EVERY TWO WEEKS our mothers washed our hair. We little girls, who just wanted to play, didn’t care that our kinky hair was dirty. We didn’t notice that it was tangled and matted from sweating in the sun and sleeping with cousins who wet the bed. Our mothers would have washed it more often, but it was just too much trouble, for one thing, and they thought it would make our hair dry up and fall out, for another. We had dry hair and they feared it would turn to straw.

On Saturday mornings, they lined us up at the bathroom and kitchen sinks, where they shampooed, then rinsed, and shampooed again. I hated it. Bending over so long with shampoo burning my eyes was bad enough, but this was only the beginning of the torture.

Our mothers hated the ritual, too. They complained while they pulled and jerked the combs through our tangled hair, threatening us if we didn’t sit still. It seemed like hours that they combed and braided, but it had to be done. The consequences were dire if this wasn’t done right.

To our mothers, this was serious work. There were unseen forces that guided our lives, and their powers affected everything, even the combing of hair. It was 1947, and the hills and forests around Baldwin, Arkansas, where the women grew up, had not prepared us for life in town, but we did our best to adjust to the demands of white people while quietly honoring the demands of a darker world, much more powerful and punishing.

My relatives grew up in the Ozark Mountains, walked on rocky soil that barely concealed the unmarked graves of bodies left by vigilantes. To walk on a grave is bad luck. The spirits of the dead will visit you at night. They had climbed trees in thick forests that moaned at night when haunted winds blew, and they listened to their grandmothers, who rocked on porches on summer evenings, looking out at the woods, mourning long-dead relatives who had been caught by white men patrolling the Ozarks for niggers.

Our mothers caught the mournful spirits of the elders longing for peace as they told of selling one’s soul to the devil, the rattling of chains and the smell of brimstone. The mothers packed those memories and their few belongings in the croker sacks they had used for storing potatoes and headed down the mountain to settle in Fort Smith. The spirits came, too.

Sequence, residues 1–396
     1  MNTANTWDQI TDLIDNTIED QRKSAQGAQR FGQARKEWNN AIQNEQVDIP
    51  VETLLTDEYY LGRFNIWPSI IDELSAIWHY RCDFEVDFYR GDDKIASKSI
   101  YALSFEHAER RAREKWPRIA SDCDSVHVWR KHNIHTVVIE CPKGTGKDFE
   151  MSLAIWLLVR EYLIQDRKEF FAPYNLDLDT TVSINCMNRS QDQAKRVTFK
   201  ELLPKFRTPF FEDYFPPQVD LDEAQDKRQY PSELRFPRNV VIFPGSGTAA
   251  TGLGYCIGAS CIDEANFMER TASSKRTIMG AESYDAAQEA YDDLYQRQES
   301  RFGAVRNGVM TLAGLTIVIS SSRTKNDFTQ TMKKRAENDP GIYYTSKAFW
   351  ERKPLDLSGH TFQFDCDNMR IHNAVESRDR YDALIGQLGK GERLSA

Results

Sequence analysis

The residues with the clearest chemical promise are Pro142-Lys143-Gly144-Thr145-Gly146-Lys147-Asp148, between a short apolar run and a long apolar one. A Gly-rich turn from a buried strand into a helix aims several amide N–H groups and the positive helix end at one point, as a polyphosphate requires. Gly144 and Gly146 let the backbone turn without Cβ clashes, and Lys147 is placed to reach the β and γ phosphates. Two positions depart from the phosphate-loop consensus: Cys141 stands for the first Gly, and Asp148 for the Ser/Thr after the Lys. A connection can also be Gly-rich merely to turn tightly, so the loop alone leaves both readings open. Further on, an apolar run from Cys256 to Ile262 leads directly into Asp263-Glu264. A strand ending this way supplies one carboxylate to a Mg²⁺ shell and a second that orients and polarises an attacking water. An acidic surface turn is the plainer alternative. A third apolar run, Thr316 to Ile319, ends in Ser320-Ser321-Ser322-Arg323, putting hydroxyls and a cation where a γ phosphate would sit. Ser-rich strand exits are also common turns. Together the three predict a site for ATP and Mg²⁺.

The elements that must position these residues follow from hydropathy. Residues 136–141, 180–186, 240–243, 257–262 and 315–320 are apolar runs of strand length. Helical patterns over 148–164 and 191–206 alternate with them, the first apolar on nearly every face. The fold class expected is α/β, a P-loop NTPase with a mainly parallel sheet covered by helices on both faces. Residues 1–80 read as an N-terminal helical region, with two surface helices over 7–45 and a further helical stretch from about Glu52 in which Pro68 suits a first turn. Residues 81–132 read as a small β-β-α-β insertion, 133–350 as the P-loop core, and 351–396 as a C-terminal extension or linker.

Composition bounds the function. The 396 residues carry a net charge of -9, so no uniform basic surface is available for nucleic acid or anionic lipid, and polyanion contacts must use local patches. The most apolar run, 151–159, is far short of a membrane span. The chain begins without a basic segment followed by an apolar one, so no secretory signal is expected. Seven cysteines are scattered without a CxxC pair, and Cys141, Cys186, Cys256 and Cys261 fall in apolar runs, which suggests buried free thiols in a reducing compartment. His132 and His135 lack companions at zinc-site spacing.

Sorcery and witchcraft were everywhere, and our mothers’ job was not only to teach us how to survive around white people, but to protect us from powers we could not see. There was no making sense of white rules, but witchcraft was predictable. Every spell had an intended consequence. Every sign pointed to something specific.

The loose hair that collected in the combs was dangerous. That hair, thrown on the ground, could end up being picked up by a bird. That bird might use it in the building of a nest. If that happened, the girl to whom the hair had belonged would go crazy.

The final rinse ended with towels being wrapped around our heads, and we four girls—my sister, two cousins and me—were sent outside to sit on the ground in the front yard if the weather was warm, or in front of the stove in winter. There we sat between the legs of our mothers and grandmother while they sat on chairs behind us and began to jerk the combs through our tangled hair and complain.

“This nappy hair!” they moaned as they jerked and pulled. They parted it off in sections, oiling the scalp, untangling the hair, then braiding it up. This all had to be done while the hair was still wet, because if they let it dry, it would be impossible to get the tangles out.

The women also had the job of making sure we did not look pretty. Looking pretty was what we longed for. We knew we would never have long silky blonde hair that we could flip over our shoulders nonchalantly, like white girls do. That was what the world defined as pretty, and white girls could be pretty because they were members of the race who owned the world. Looking pretty was a prerequisite for a girl to be happy, and those who were not were destined to a life of misery.

But the closer we came to pretty, the more attractive we were to boys, and that, too, our mothers had to protect against. Being pretty was OK until we were 5 or 6, but beyond that age, a pretty girl was fast or up to no good.

We would never have that hair, but on special days, like Easter and Christmas, we could have a reasonable facsimile. On those occasions, my mother woke me up early. She had done the job of combing, oiling and braiding the day before, and now the job of straightening and curling lay ahead.

I had mixed feelings about this great gift of white-girl hair because of the cost. I would sit in the kitchen next to the stove while my mother heated the straightening comb on a flaming burner. When she thought it was just right, she lifted it off the burner and tested it on a thick cotton cloth, and if it did not scorch the cloth, she ran it through my hair, small sections at a time, changing the tight kinks to silky straightness. I would be burned when the comb got too close to my scalp or the oil got too hot and ran down my face. It was hard to sit still, and sometimes I yelled a loud “Ow!”—but not often, because then I would be hit on the head with the back of the brush or the comb.